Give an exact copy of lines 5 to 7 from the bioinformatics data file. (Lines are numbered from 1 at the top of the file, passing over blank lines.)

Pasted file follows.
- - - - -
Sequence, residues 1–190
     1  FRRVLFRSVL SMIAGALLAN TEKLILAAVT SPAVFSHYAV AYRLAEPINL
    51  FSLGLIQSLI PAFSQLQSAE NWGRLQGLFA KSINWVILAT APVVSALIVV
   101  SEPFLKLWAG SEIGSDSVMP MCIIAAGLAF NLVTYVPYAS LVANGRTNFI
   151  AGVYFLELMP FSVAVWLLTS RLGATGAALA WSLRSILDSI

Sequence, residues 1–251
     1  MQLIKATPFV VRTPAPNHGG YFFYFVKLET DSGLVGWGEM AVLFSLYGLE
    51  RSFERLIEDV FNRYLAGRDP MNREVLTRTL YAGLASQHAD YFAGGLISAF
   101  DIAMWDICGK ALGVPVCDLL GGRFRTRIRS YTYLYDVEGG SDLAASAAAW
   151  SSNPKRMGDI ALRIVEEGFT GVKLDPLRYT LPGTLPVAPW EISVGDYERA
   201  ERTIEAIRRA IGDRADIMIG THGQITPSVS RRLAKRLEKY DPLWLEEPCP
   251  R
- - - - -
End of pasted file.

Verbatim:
   151  AGVYFLELMP FSVAVWLLTS RLGATGAALA WSLRSILDSI

Sequence, residues 1–251
     1  MQLIKATPFV VRTPAPNHGG YFFYFVKLET DSGLVGWGEM AVLFSLYGLE